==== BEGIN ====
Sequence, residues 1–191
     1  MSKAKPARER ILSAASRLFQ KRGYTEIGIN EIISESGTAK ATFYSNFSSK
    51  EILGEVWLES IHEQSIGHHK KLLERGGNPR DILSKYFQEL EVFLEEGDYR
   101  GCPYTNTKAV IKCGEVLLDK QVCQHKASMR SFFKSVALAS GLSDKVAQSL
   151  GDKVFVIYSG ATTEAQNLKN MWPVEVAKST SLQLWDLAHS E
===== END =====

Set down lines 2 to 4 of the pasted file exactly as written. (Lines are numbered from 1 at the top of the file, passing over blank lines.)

     1  MSKAKPARER ILSAASRLFQ KRGYTEIGIN EIISESGTAK ATFYSNFSSK
    51  EILGEVWLES IHEQSIGHHK KLLERGGNPR DILSKYFQEL EVFLEEGDYR
   101  GCPYTNTKAV IKCGEVLLDK QVCQHKASMR SFFKSVALAS GLSDKVAQSL